Hemingford herald. (Hemingford, Box Butte County, Neb.) 1895-190?, July 01, 1898, Image 3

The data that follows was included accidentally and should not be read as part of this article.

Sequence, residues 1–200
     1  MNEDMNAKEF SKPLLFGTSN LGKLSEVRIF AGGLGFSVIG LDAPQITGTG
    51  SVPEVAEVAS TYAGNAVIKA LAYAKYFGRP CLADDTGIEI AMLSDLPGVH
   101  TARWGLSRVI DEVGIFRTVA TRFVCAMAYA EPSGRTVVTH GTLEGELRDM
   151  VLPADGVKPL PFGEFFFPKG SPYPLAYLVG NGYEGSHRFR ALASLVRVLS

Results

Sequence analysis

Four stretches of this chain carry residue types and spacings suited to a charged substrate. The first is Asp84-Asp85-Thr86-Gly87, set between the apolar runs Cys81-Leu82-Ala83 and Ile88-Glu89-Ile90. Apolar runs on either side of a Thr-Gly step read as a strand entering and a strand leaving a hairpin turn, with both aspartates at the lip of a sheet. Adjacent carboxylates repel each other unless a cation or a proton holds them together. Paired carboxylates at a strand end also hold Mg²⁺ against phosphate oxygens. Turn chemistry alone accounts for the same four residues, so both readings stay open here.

X '1 t FEELINGS OF A MAN DURING A BATTLE, Takes Your Weight In Lead to Kill You Familiarity with Danger Undei Fire of Shot and Shell Increases Courage and Lessens Fear. Men who have never Been a battle are generally very desirous of seeing one, all the more desirous, perhaps, the Jess their prospect Is. As a rule, they want to take part In a battle, If not lor the cause It represents, for the nake of the experience, which they are opt to to be singularly nnxlous to share. Very few of our rlBlng genera tion have any personal acquaintance with war, which may account for the eagerness of many to participate in the Spanish conflict, before It Is too late. The older and parsing generation, who wer alive at the outbreak of the re bellion, have or had a realizing sense of the horrors of a long and terrible strife. When a boy, I fancied, like most boys, that fighting must be romantic and attractive. And the fancy was the more vivid and Impressive, per haps, because our country then en Joyed profound peace, without the least likelihood of Its Interruption In nn ordinary life-time. Some years later the firing on Sumter brought on the civil war, at which the north was sur prised, although it had no reason to be; impartial observers having regard ed It as Inevitable for years. That was my chance to see something of war. and ns military correspondents were In active demand. I attached myself to a New York paper in that capacity and was assigned to the southwest for ser vice. For the first ten months, In my de partment, the unionists had very little success. Wc were entirely new to war. We considered skirmishes noted bat tles, and those who hnd been In twi or three ranked themselves as veter ans. I had been In several campaigns without any positive results, though 1 bad had the satisfaction of hearing many guns fired In anger, accompa nied by a few casualties. But we were steadily, though slowly, learning the martial trade. I had often heard the whistling of bullets and the bursting of shells, but not In very dangerous proximity. Still, bb I was forced to admit to myself, I had not been fairly, fully, squarely under Are, and I felt humiliated by the fact, after being with the army five or six months. I was Independent, and could go where I pleased, as I soon learned, having a roving, exclusive, unconstrained, free-and-easy command of one, which pleased me. To be military correspond ent In the southwestern armies, as they then were, and to be In the twenties, too, was not quite devoid of compen sation, as things go. The first time I was fairly under fire was at Donelson, fought In February, 1862. . The siege lasted three days, though generally reported as but two. During those three memorable days I was in troduced to the music of musket and mlnle-rlfle balls and cannon shot; act ing as amateur sharpshooter, and win ning a reputation I did not deserve, and having served as aid for General Grant, bearing important oiders in n crisis of the battle. Comparing notes with many a vol unteer officer afterward as to hlB early sensations undei tire, I found that theirs were substantially the same as mine. Before any actual expeiltnee a man's notions are usually exaggerat ed, alarming, chaotic. He is inclined to think that he will never survive his first engagement; that every shot strikes somebody; that each explosion of n gun is followed by the death of a victim. After he has been awhile among the bullets, whizzing above him, to the right and left of him. and doing no apaprent damage, much less inflict. Ing visible death on all sldts, he Is likely to reconsider the question soine wlmt calmly, perhaps to underrate the peril. He may remember then the military declaration that a man's weight In lead, discharged In the form of bullets, Is required to kill him. Very soon the declaration seems monstrously untrue. He cannot understand what a vast amount of ammunition is wasted on every field. Raw recruits, burn powder at a prod igal rate, and do very little else. To um up their cartridges quickly Is theJr proof of valor and efllclei'icy. They enjoy firing their piece, though they fire it In the air. The sound and smoke of the field are to their minds what mainly constitutes the battle. A cool soldier seldom knows If he has killed anybody, such l.s the excitement, confusion and uproar of an engage ment; but the untried soldier Is prone to imagine he has slain many. Long after the latter has learned that tbe firing of the average musket is com monly harmless, he believes that his own Is n dealer of destruction. It is hard, if not impossible, to tell just how men feel in the midst of hos. tilitles. so differently are men consti tuted. But. as a rule, the longer they are engaged the less they feel. Every added moment reduces their apprehen sion, their nervousness. No one can calculate time on the battlefield. A minute may seem an hour, and an hour a minute. The excitement is In tense. A man Is keyed up to his high est, even though unconscious of It. He lives days and weeks, sometimes. In an hour. Fighting Is the hardest of hard work; It Is exhausting. The enlisted man Is not long actively employed at nny time, because he cannot bear the strain. After nn hour or two, at the most, he is relieved and fiesh troops areb rought up. The highest officers, who mainly observe and direct, who must be cool and calm, feel the pres sure, too. Only a certain amount of perfect rest, of oblivious sleep, can re store them; and every great general must have the power of snatching rest and sleep under the most adverse cir cumstances. No new soldier can think much, the enlisted men least of all, when under fire. The rage of battle, the fury for conflict, possesses and absorbs him. The wild beast Is In most of us; It Is roused to excess by the clash of arms, by the roar of guns. No doubt fighting is at once natural and unnatural. We lost our best, our highest selves in war fare. He who has gone through a bat tle Is never quite the Fame afterward. He sees himself and his fellows in a new light, aften at the worst. But he rarely regrets the experience; It Is eo strange, so tumultuous, so peculiar, and so Illuminating. And he Is almost certain, so perverse are we. to long for more experience of the name baleful kind. I remember that, on the first day at Donelson, another correspondent from New York and myself were In a sparse wood, not far from the breastworks, looking around for adventure. We were on fot, having marched from Fort Hen ry, eleven miles distant, across the neck of land sepaiatlng the Tennessee from the Cumberland river. Many of us had come without horses, tents or provisions, expecting to take Donelson before breakfast, and we were sur prised to find a formidable fortified post, for General Grant had been whol ly deceived by his scouts as to the strength of the place. While In the woods some field plecei opened on the fort, which we could noi see for the Intervening trees. The en emy's batteries Immediately replied Grape and canister rattled all arounc us, cutting off the twigs and boughs oi the trees over our heads, and giving ui a vivid 6ense of wnr. We saw that the locality was the reverse of safe, but w stood In the open, trusting to luck. Ir a few minutes a middle-aged Germar officer, who had seen service In hit own country, stepped from behind e tree and Insisted on our seeking similat shelter. "There Is no courage,' he said, "Ir exposing yourselveB needlessly. You only show that you are not trained soldiers. I have been In a number ol battles, and I have learned prudence. As the firing continued and the Iron hall still fell all around us, we followeO the officer's advice. The second day I was nenrlng the fortifications, where hostilities were very active. There I fell In with a com. pany of Blrge's Illinois sharpshooters, vainly trying to pick off a confederate gunner, whom we could not see, as he was behind the breastworks, but whose position we could determine, we thought by puffs of smoke from the vent. He hnd his cannon trained on some of our men and appeared to be doing them harm, us he fired steadily at reg ular Intervals. I was very anxious to silence him, and expressed my anxiety. "Do you think you could?" asked one of the sharpshooters. "Here, take my rifle and try." I accepted the rifle, got down behind a log, ns was the sharpshooters' cus tom; leveled the piece, and waited for the puff. Sharpshooters on the othei side were pitted against ours, Every few seconds n bullet whistled near my head, or struck the log with an oml. nosu thud that sugested sudden mor tality. Blrge's men often drew the I fire of the confederates by exposing a cap or a bit of an old garment, which was always duly punctured. And the trebel yell not Infrequently denoted thnt the enemy hnd been deceived Into thinking that another odlouB Yankee had been disposed of. Several times I fired at the Invisible gunner, and the familiar puff at the regular Interval Indicated thnt I had still missed. I tried harder and harder, though I did not privately assume to be anything of a shot. At last I fired once more, nfter preparing myself for several minutes. I had a faint hope that I had succeeded. The Interval of the puff passed. The sharpshooter lok ed at me significantly, and said: "J guess you've fetched him this time. I felt in my bones you would." I had no Idea that I had; but T did not wish to disturb the faith of the Illl noisan. So I replied: "I shouldn't won der," looked wise, and withdrew tc another part of the field before my rep. utatlon had been shattered. My limited experience as a sharp shooter had benefited me. It had great ly steadied my nerves, and I felt I was gradually getting used to be under fire. The third day I borrowed a musket as I had done befoie on several occa sions and did such service on my own nccount as I felt Inclined to. Strictly speaking, I was not right In so acting, for a military correspondent is sup posed to be a non-combatant. But I was liable to be shot at any time, going wher I chose, where I had no business. I felt, if I should be hit, thnt I would have the satisfaction of know ing that I had shot at the enemy re peatedly. Such a thing would not have been allowed In the Army of the Poto mac. Nor was It allowed in the army of the Tenessee, but if not winked at, It was not forbidden. Each and every man in that field had the broadest lib erty. If he did not abuee It, f-o long ah he kept out ! trouble. The freedom of the correspondents undei Grant was delightful, and they never clashed. On the third day, on the left, several western regiments scaled the breast works at Donelson. After they hud gut inside the entrenchments, a con federate battery opened on them, nnd there wns fear lest they might eventu. ally be driven back, though they stood their ground firmly. Several subordi nate batteries saw the threatening peril. We know that a union battery was needed to counteract the confed erate guns. But where could It be found, and who could order It up? I volunteerd to perform the service, and knowing where n Missouri battery and General Grant had been, a little while before, horseles sas I was, I started on a run to hunt them up. Grant, nn being found, listened Intently to the message I brought, and sent an order by me to the captain of the Missouri battery to hasten to the place Indi cated. The circumstance so flattered me that I ran back, over a mile, thro' a fire of shot and shell, never heeding, never thinking of it. I was big. for the moemnt, with my own Importance, with the responsibility of my mission, which wns faithfully discharged, and the Missouri battery rendered good service. It Is plain from what has been writ ten that courage, as clearly compre hended, Is chiefly the result of famili arity with danger. Experience nnd ob. servntlon both teach this. Bravery and courage, used Indisc'minately. regarded genernlly as synonymous, are very different Bravery Is much the rarer: courage much the higher. One Is Inherent, temperamental; the other nt firs unusual. In a sense accidental. It Is difficult to understand why courage Is so much praised, so universally. In deed, by none more than the Anglo Saxon to whom It is particularly at tributed. One might think It a rare glfe, an exceptional endowment, from the encomiums constantly bestowed upon It. But it is common enough, and It may be taught by discipline and ex. ample. The man of thought, of cul ture, of character, may be spontane ously timid; but his qualities, natural and acquired, enable him to conceal his timidity. The most ordinary mortals, without education. Intelligence or pride, may be drilled into courage. Many of the raw recruits, who, yielding to panic, ran like hares at the first battle of Manassas, afterward proved themselves heroes. Having grown used to danger, they despised It, ns men are apt to do. We soon learn to discriminate between actual and aparent peril. What we have often escaped from we come In time to disregard. Soldiers eventually grow almost unconsciously Into fatal ists. They ore disinclined to thought, which is troublesome, profitless and an. desirable In .their calling. They deter, mine to do their duty nnd let results take core of themselves. Determlna. tlon ultimately settles Into something like Instinct nnd becomes the ruling power. Physical courage alone 13 needed for the soldier, for the nrmy. Moral cournge. as much rarer as It is better nnd higher, is needful for the long, hard battle of life, whose grand er and permanent victories are al ways spiritual. BATTLES OF THE CIVIL WAR. The Interest In wnr rttnlnlvrnce ere nted by the present difficulty wltr Spain has Influenced me to contribute something to the numerous articles thnl have already appeared, but upon a sub. Ject not heretofore touched upon. Thrc the courtesy of Captain L. M, Kellej the obliging deputy ceimmlssloner ol pensions, 1 wns permitted to unenrtr ccrtain facts relating to the civil wni that will absolutely distinguish It at being a conflict truly tltnnlc; nnd nl the same time It may furnish a surprise to those who are only familiar wit the great battles. Captain Kelley, b the way, Is a gallant union soldier, and participated In many of the hard fought battles that engaged the ar mies of the west. He entered the ser vice ns a private ami emerged from the conflict ns captain of company A, Thlr-ty-sixth Illinois Infantry. A vast num ber of engagements were fought In states where only n few are ever spo ken of and of the actual number but little Is known. For Instance, should a civil service examination require an applicant to name the state In which the greatest number of battles took place, he would nnturnlly reply Ken tucky or Tennessee, while as a matter of fact more battles were fought In Missouri thnn In nny other stnte. In Texas the fewest took place of any of the Becedlng states, while Florida and Maryland came next In the ns cendlng scnle. The actual number of engagements thnt occurred In each state will doubtless surprise those who have not Investigated the matter. As Virginia was the great theater of that struggle we hear oftenest of Bull Bun, the Seven Dnys' bnttlcs, Fredericks burg, the Wilderness. Chancellorsvllle, Petersburg nnd the Valley campaign, but by actual count tnken from the records, 627 bnttles were fought In thnt commonwealth during the civil war. In Missouri the greatest prominence In given to the battles of Elk Horn nnd Wilson's creek, while ns a matter of fact, 417 engagements took place al together. Tennessee Ip famous Is the scone of the bnttles of Murfreesboro, Lookout Mountain, Chlcknmaugn, Franklin and other Important strug gles, but nt the close of the strife 378 engagements were put down as her quota. In Arkansas, one of the border states, there was much hnrd fighting. Pea Ridge was one of the Importnnt en gngements, but there were 294 bnttles In all. Vlcksburg was In the fury of n long siege, nnd the battles of Cor inth, Holly Springs nnd Jackson also took place In Mississippi; ndd to these the other engagements thnt occurred In thnt stnte, nnd we have a total of 284. Louisiana comes next In point of numbers, with 181, among those being the bnttles of New Orleans. Pleasant Hills and the siege of Port Hudson nB events thnt will live In history. Geor gia, the route of Shermnn's march to the sea. furnished many of the notable battles of the wnr, among them At lanta, Kenesnw Mountain, Peach Tree Creek, Resacn. Savannah nnd Ringgold, the total being 162. In Kentucky there were 1R3 battles during the war, thnt of PerryvlWe being perhaps the most Important. In Alabama there were UTi engagements, notable among them be ing th bombardment or Mobile nnd bnttles nround Selmn and Monttmm erv. Next on the list comes North Carolina with n total of 102 bntlb-s, among thorn Bentonvllle. Wilmington nnd Greensboro. In West Virginia 8 engagements took place. In South Car olina, where thi first gun of the wnr was fired, there were 75 battles. In cluding the capture of Columbia and the numerous bombardments of Fort Sumter nnd the nssaults that were made upon the batteries In Charleston harbor. In the Indian Territory there were 40 battle?, nnd In Florida there were 39, the most Important being the bnttle of Olustee. Maryland Is famous for strategic Importance because the battle eif Antletam took place within her borelers, but there were also 38 other engagements. There were 22 en gagements In Kanrns during the war, and In Texns 2. Gettysburg, the great, est battle of the war, was fought In Pennsylvania, but there were six oth er engagements In the state which have been overshadowed by thnt more Important event. In Ohio there were. 5 engagements, in Indiana 5, Illinois 1 nnd In the District of Columbia (Ear ly's raid) 1. According to the above figures, nnd thy are taken from the records, the totnl number of bnttles that wern fought betwee-n the union and confed erate armies from April It", 1861, to April 9. 1R6r.. Is 3.12.1. This period em braced the four years of the civil strife'. To give an Iden of how this compares with other struggles In which the United Ptntes has been engaged, It may be here stated thnt more bat tles took place in West Virginia dur ing the civil war than were fought In the entire country during the revnlu tlnnnry wnr or during the wnr with Mexico. Of course, therp were numer ous battles of grenter Importance dur Ing the latter conflicts, but by count the number of engagements by rum. parison Is In West Vlrglnln's favor His Holy 'l error. It was certainly the greatest battle that bad ever been waged on th sen. The admiral, by his sd-ntlflc tactics and superior knowledge cf naval war fare, had sunk or drslroyed every ves sel belonging to the enemy, whose loss of life, too, was enormous. They were absolutely demoralized, and quickly cupltulatt-d. Moreover the victors suffered no loss of life whatever. It was undoubtedly the most extraordinary affair that had ever taken place since the world began to revolve. Amidst the hush following the end of the strife the conquering admiral wns seen suddenly to shudder violently and then to turn pale. "Cut all the cables thnt connect the harbor with the rest of the world!" he cried. In stentorian tones, that never theless shook with emotion. It wns done Immediately, but every body wondered at his agitation. He who had been the coolest all during the fight now trembled like an aspen leaf. And so the squadron rested upon the heaving billows day after day, doing nothing. It was suggested by Beveral that some communication be made with home, but the admiral refused vehemently, his pallor Increasing at each suggestion of the sort. No, he would not! At last one of the captains, a per sonal friend, ventured to remonstrate. "Why do you not send home news of our glorious victory?" he asked anx iously. The admiral shook his head and gazed with a troubled look far out onto the horizon. "No, no!" he said, "and Vet I sup pose It Is my duty. But, no! How how can I bear It?" "Bear what?" asked the captain, won derlngly. "Benr the puns on my name the newbpapers will print when they get the news!" burst out the admiral, the drops of perspiration bedewing his brow. And It wnB long before he could be reconciled to facing the ordeal. AMUSING EFFECTS OF THE WAR SCARE, Rigid Surveillance of Strangers In WashingtonOfficials as Watchful as the Old Maid who Looked Under Her Bod Every Night. The timid spinster who never went to bed without looking under It for the burglar she was sure would one night be found there, ought to have lived In Washington In wnr time. She would then have found something actual for her Imagination to exercise Itself upon, In the ublquttouBness of the secret serv ice operatives. We hae no Seward In the state department with his "little bell" nt hand, nnd our fortresses nre garrisoned with something else thnn civil prisoners; but nny one Is liable to constant espionage and summary arrest ob a suspect, nnd the authorities are in no mood to make light of what would ordinarily be trifling evidence for conviction. Washington Is, of course, not the only place where this state of things exists. The precautions tnken every where by the government to prevent untownr dnccldents nnd defent the machinations of the public foes assume as many shnpes ns Proteus. The sud den suspicion aroused In the mind of Commodore Schley ngalnst the Cuban refugees whom Consul Dent hnd In troduced to him as a pilot able to tnke his fleet Bnfely through the tortuous channel Into Snntlngo hnrbor, hnB not laid Mr. Dent open to nny charge against his loyalty and good fnlth, but It can hardly fall to be annoying, for It putB him nt lenst In the light or pos sessing Indifferent Judgment of humnn nature. News comes from one nrmy headquarters on our southern const of the dismissal of nn ex-flllbustcr who had been engaged as n guide to a force about to Invade Cuba, because the commanding officer felt some doiibt as to the man's sentiments. The capture of the incriminating letter written by Carrnnzn in Cnnndn shows how far the ramifications of our secret service ex tend at a critical time like this. The telegraph censorship has been a delicate task In more thnn one sense. It Is all very well to assert the abstract principle that nn officer should do his duty unquestlonlngly when the welfare of the country Is at stake; but the same officer who would not flinch for a moment at facing a battery does draw back Instinctively nt nny sugges tion which savors of spying upon the correspondence of his fellow citizens, and of harnessing down a press whose freedom Is the common bonst of the country. It has been noteworthy that every officer who has been nble to shirk the direct responsibility of snylng "no" to the newspnpers or their cor respondents In the field his tried to foist It off upon General Greely, who has thUB been compelled to pose an n Spartan judge nnd Issue prohibitory mandates In defiance of the love or In dividual liberty which he cherishes to a very uncommon degree. But this has to be done by Bomebodv, and the general's shouldero nre broad. In Washington the chief outwnrd signs of an era of uncommon tension are to be found In the Increase of the police force nt thn Whle house nn'i the extra rnre p-rpipd nbnut the ndtnls- slon of visitors to the department uullnlrT"" " enter'!" the ground surrounding ibe pxppr''vp mansion, th strnrr-pr Prrl Vimpif I'mler the eve of a police- oPVer, nnd pnses from tbe supervision of one trunrd'nn to another nil t"e tlr he rr"nn'ns there. On en terlrg tbe W)i"o ibir'nr the- nnen hours the hh!p tWn Is noticeable. Always one. and usnlly two. gunrds an on duty nt the front door. rndv to Inter cept nny sns'ikioiis lnoVlne person. In side the lobby, n soon ns the visitor Is out or reach of one officer, he comes within reach of another. These nre all courtpnui. nttrntlve men, willing to give proner lnformntion to anyone who comes there obviously for an honest GETTING WAR NEWS. Durlngthe Four Years of the Civil War. With the breaking out of the wnr a southern bureau or department was es. ! labllaiieii in the office or the New York Herald. It wns the duty of the chief of this bureau to collect nnd file away all Information, of whatever charncter, thnt came from the south. Of the In structions issued to correspondents the principal one wns to obtain rebel news, papers. Neither trouble nor expense were to be spared In their acquisition. Contraband and deserters, abandoned camps and villages wen: se-arched ror them. Many were obtained, and are now In the office library of that Jour nal, The chief of this bureau compiled for these paper lists, or rosters, of the military forceH or the secessionists. Oc casionally these, In nn Incomplete form, would be published, but finally a very full roster of the whole rebel nrmy made Its appearance In the Herald. When a copy of this paper, with this wonderful array of numes and figures, reached Richmond It created n verita ble commotion in the war office or that capital. Several of the clerks, accused of furnishing the information, were placed under arrest. On the evening of Its appearance In New York one of the attaches or the Herald rode In a Fourth avenue car with George M. Snow of the Tribune ns a fellow passenger. "If anything were wanting," said Snow to the aforesaid attache, "to show the intimacy between the rebels in Richmond and the office of the Her ald In New York, the list of the rebel army, as published this morning, Is that thing." "What do you menn," asked the Her ald attache. "What do I mean? That roster of the rebel army could only have been ob tained from the rebel wnr office. That is quite enough, I should think." re plied Snow, with a touch of profession al Jealousy. "Why, Snow, you don't mean to say that the Herald obtained the list direct from the war department In Richmond? That Information wns wholly made up from advertisements nnd locnl news paragraps or the southern newspapers which were run through our lines." "Nonsense," said Snow. "Don't you suppose the Tribune and Times could have done the same thing?" " 'Let ub know,' said the Tribune on the 9th or June, 18C2, 'from what source und through what channels the Herald has twice procured ror publication the alleged muster rolls or the rebel ar mies. Let us see by what means the Herald has been supplied with rebel newspapers.' " It Is fair to suppose that the Herald did not tell the Tribune how these pa pers were obtained. On one occasion n union prisoner wns released from Llbby, where several Herald correspondents were confined. This soldier, on his arrival in New York, called at the Herald, cut off one of his hollow military buttons and presented it to the editor. "You will find a letter In that." e.'nl he. On tak ing It apart a letter found, written on tissue paper, describing affairs in Richmond, which made three-fourths of a column In the Herald. No one knew how that Intelligence reached the office. purpose, but quick to detect the vis itor with the furtive eye or flighty manner, for this Is a time when not only persons of evil design must be watched, but when "cranks" are liable to be attracted to the seat of power. At the state, war and navy building the most rigid rules prevail regarding visitors during the closed hours that Is, before 9 In the morning nnd after 2 In the afternoon. Then the ordinary pass is of no avail. A special card Is required, nnd this Is Issued only to persons who are personally acquainted with Custodian Bnlrd, and whom he known to have legitimate business nt the department. Any one else muBt be halted nt one of the main doors till hlB name and the nature of hlB errand are conveyed to the officer whom he wishes to see. If the officer Bonds word thnt he Is to be admitted, tha guards permit him to pnss In, and, If he Is a stranger, furnish him with a messen ger to guide him to the room where he In to have his Interview. At the other government buildings the old pnsscs nre still In force for the closed hours, for newspaper correspond, cnts, attorneys, etc.; but no matter what the hour he calls, even between 9 and 2, the unfamiliar visitor Is scru tinized by the doorkeepers, who must be satisfied from his appearance that he Is a safe person to be allowed to roam about. Occasionally funny things happen. One of the best known nnd most re spected members of the treasury staff hns been nccustomcel for some time to buy the fresh eggs for his home tnblc of a clerk In the department who lives out of town and hns a little poul try yard. The clerk brlngB In eggs three times n week, nnd the purchaser, who lives near the department, carries them In a paper parcel or a basket when he goes home nt the luncheon hour. One day his most convenient re ceptaclc for his eggs happened to be a little leather reticule with a somewhat uncertain handle. He wns going home as usual at noon, and took a short cut across the White house grounds. It was Just after some sensational arti cles suggestive of dynamite plots had appeared In the yellow Journals. As he entered the grounds a new police man, who had been stationed near the gate on the treasury Bide, was looking In the other direction; but suddenly turning, the officer cnught sight of the gingerly carried reticule. In nu Instant he shouted nn order to holt. The un conscious civil servant passed on, and the officer Bhoutcd again, at the same time making a significant gesture With hlB club. This time the order was un derstood and the man halted. The offi cer came up. "What have you In that bag?" he Inquired. "Only some things I am carrying home," was the answer. "What kind of things?" 'Oh, some household supplies." The officer wns not convinced. "Let me see them." By this time several passers-by had been attracted to the Incident nnd gathered around. With many blushes the Innocent gentleman gently opened the reticule, nnd the olfiour took a cnu tlous peep Inside, evidently expecting to see a stick of dynamite. The ex pression of his face when he saw In stead a dozen cream-colored eggs, was a study. Without exchanging n glance with the suspect he mude o quick mo tion with his club, Indicating thnt the reticule might be closed, turned on hlB heel nnd strode majestically away. If any crnnk docs succeed In terror izing Washington during the present crisis, it will not be because of nny lack of vigilance on the part of the police. THANKS OF CONGRESS. Is an Honor Seldom Conferred and What It Means. I have received several inquiries as to the effect of the vote of thanks by congress to Admiral Dewey, his ofll cers and men for their gnllant victory at Manila. The Impression seems to prevail In some places that the vote carried with It n sent In congress. This Is a mistake. The piivlltge of the floor, which Is n greater honor, Is the right to enter the house of representative at pli-asure, except when the latter body Ib In secret executive session. It Is conferred by law upon the president nnd the members of his cabinet, Jus tices of the supreme court of the Unit ed States, ex-members of congress who are not Interested as agentc In pend ing legislation and those who have re ceived by name a vote of thanks fiom congress. Persons not entitled to the privilege are compelled to enter the galleries to hear the proceedings and to send their cards to members they want to see. A vote of thanks by congress Is an honor seldom conferred. During the civil war It occurred only 12 times. It was first given on December 24, 1861, to Brigadier General Nathaniel Lyon, his officers and men for their gallant conduct at the battle of Springfield, Mo. On March 3, 1863, Major Genernl William S, Rosecrans was thanked by congress for the gallant conduct of his officers and men at the battle of Mur freesboro, Tenn. , Major General Ulys ses 8. Grant received the honor and a medal on December 17, 1863; Major General Nathaniel P. Banks on Januury 28, 1864, for services at Port Hudson; Major General Joseph Hooker, George G. Meade, Oliver O. Howard and the officers and soldiers of the Army of the Potomac, all In one vote on the same day as General Banks, for skill, ener gy and endurance In covering Wash ington and Baltimore, and for skill and heroic valor displayed at Gettysburg. Major Genernl W. T. Sherman, his offi cers and men twice received the honor, the first time on February 19, 1864, for gallant and arduous services In march ing to the relief of the Army of the Cumberland, nnd again on June 10, 1865, for gallant conduct In the brilliant movement through Georgia. Lieuten ant Colonel Joseph Bailey, or the Fourth Wisconsin volunteers, wns thanked on June 11, 1864, for distin guished services. Brevet Major Gtn eral Alfred H. Terry, on January 24. 1865. wns mentioned for unsurpassed gallantry and skill exhibited by his command In the nttack on Fort Fisher. Major General George H. Thomas on March 3, 1865, received resolutions for the signal defeat of the rebel army un der General Hood. The last on the list prior to Admiral Dewey wns Major General Wlntleld Scott Hancock on April 21, 1866. for his sei vices with the Army of the Potomac la 1863. When pe-ace was restored on May 30, 1866, "the officers, soldiers and teamen of the United States, by whose valor nnd endurance on lnnd and on pea the rebellion has been crushed," re. celved a Joint resolution expressing the gratitude of the nullon. SURVEILLANCE IN PARIS. More curious than n'l Its strange call ings and Its strange customs In the police system In Paris. When nn Eng lishman gets to his hotel he remarks, probably to his wife, "Well, now, Mar tha, we can do an we like. No worry about what Mrs. Brown would say If we had met her at Brighton, Hero we are free, nnd nobody knows who wo nre or enres who we arc." But before he has time to dress for dinner the police know thnt he Is In Paris and his name Is Inscribed at the prefecture. Every hotel must keep n register of all foreigners and hnnd It over dally to the special officers who nre sent around, to collect. In the case of the English or American citizen little Interest- Is, tnken unless their expenditure Is not. Iccably extravagant, and then a friendly) Interest Is taken In them, and their description sent to Scotland yard. It Is almost Impossible to concclvo the thoroughness of the French pollco spy system. You never know who 1b a mouchard In France. The waiter who serves you, the man who shaves you.thc! conchcr who drives you, are as likely ns not to be In the police pay. They) know everything and they know every body. Here Is an Instance that occurred) to a friend of mine only the other day. He received from the prefecture! an order to appear on the following day. So far ns he knew he had done noth-j ing particularly out of the way, and even If he had done It unintentionally The magistrate Invited him Into hi private roam and put htm at his ease at once by explaining that the affair did, not conoeni his personally, but ha wanted some Information on two or three of the English colony with whom, he wbb nBsoclnted. The answers werq perfectly satisfactory nnd. In leaving, he turned to the magistrate and said, laughingly. "Why don't you ask mei something about myseir?" "But I know) an about you," ne repueu. "wouia you like to know what you did on any parti cular day within the last three, months?" My friend replied at random "Take last Friday week. I haven't tho, remotest knowledge nn' to what hap pened." The mnglstrnte turned over, his donsler nnd replied: 'You got homo nt half-past two In a cub that you had taken at Madeline. You rode out; on your bicycle at half paBt 9. You lunched at the Cafe de rEnperancsl and so on throughout the day he re-j counted everything thnt had passed., There was no reason to have mado the Inquiry, ns there wn not, the slightest mark on his dossier, but Itj suited the police to know just how ha passed his time. A casserole that 1b to say, a mouch ard who has, by some Indiscretion, let, his connection with the police become known, nnd Is accordingly valueless once told me a lot about the working, him that It seemed to me thoroughly! Impossible that 1 could have my foot steps dogged during a whole day with out becoming aware of the fact. Ho answered: "Naturally. This, for In stance. Is how I should have acted If I had wanted to find out all about your movements. When you left thin cafe I should hove followed you until such time that I know you hnd noticed thnt I was at your heelB. Then 1 should have passed the signal." "To whom?" 1 suggested. "Have you ever noticed," he said, "that around all the big cafes there nre men offering novels out of dnte. but who nre alwnys scanning; closely the faces of those on the ter races? Well, 1 should nave passed tne signal on to one of those men. He would hnve followed you In a cab, If ne cessary, and on seeing you enter n cafe would have followed on the pretense of selling wares, nnd handed you on to another of the band. And so It would have gone on. After nil. are the French, police wrong? The foreigner comes here nnd Inscribes his name at the pre fecture of police, We nre not like you In England. We have only Just enough money for our own poor, and we do not encourage the out-of-works of the worle to come here. Nc'tner do we want to. harbor e'rlmnals. Accordingly the police trace the man. and If he Is honorably earning his existence he Is left alone; but If there Is a shadow of suspicion agulnst him, his dossier gets heaver every day, and one morning he finds: that he bus forty-eight hpurs In which to quit the country. tl is owing to this system that the police rim K comparatively easy to arrest criminals, the vilest class of ruflhiri and the painted woman meet In the night cafes are all useful the women especially. Your own servant may be spylnic on you. Your concierge certainly Is." Ho hostttated for n minute, -and then said to me In a seml-whlsper. "Watch that gentlemnn In front with the ribbon of the Legion of Honor In his button hot"." I looked at him. but noticed nothing particular, except thnt ho seemed very Intent In his newspaper. "That's a mouchard." he continued. "I'n prepared to Let lie" fias" heard every word that hns pnsae.l. If you rnd eyed him as closely ub I have you would have noticed that he hns been, looking nt the same paragraph for over an hour." The man paid for his drink: and went out. Next morn'ng, I suppose, his report was xent in. The ruse of tin se men In finding out persons who nre "wanted" have no limit. Only the other day the English police hnd sent over the description of n man they would like to put In the -lok. As ho spoke French without the slightest ac cent, nnd ns It wns certain that he, would be disguised out of all recogni tion, the task was a difficult one. One afternoon two of these defectives noticed a well dressed man and sus pected him. One of them took off his overcoat and hung It up side by side, with his. A few minutes later they got up ta leave and the wrong coat, was put on. In the most fluent nnd polite French the suspected man pointed Ajt the erroj The mouchard took It off and looked at the name or the maker and saw that It was a London, firm. They had found their man. vJho Is a An Idiot Genius, Jeptha Palmer is an idiot and a genius. Although 50 years old, he has to be cared for as If he were a child, but he cun make wonderful machinery, construct musical Instruments, play upon them nnd compose music. He lives near the village of Fair mount, In the Georgia mountains. He, is poor and helplessly Ignorant. When he wns a child he could not! ask properly for food or find his way." from the barn to the house. One day, a horsepower wheat thresher was brought to his father's farm, and he examined It closely. He announced his Intention of mak ing a thrasher himself and he did. He4 completed a model of pine bark, with strings for belts. He made a clock of wood, with stone weights. He built a pounding mill, using a dammed-up Spring to give the power. Musical In struments he made and played upon them with marvelous skill. He has built an ergan; he has com posed waltzes, marches and song mu. sic which critics call remarkable. MIfs Addle Lake of Elizabeth, N. J., now Mrs. Cecil Stanley Newberry, .. soldier's bride, had said her last good bye to her warfarlng lover when he hnatched her from a moving train and carried her off to the regimental chap, lain.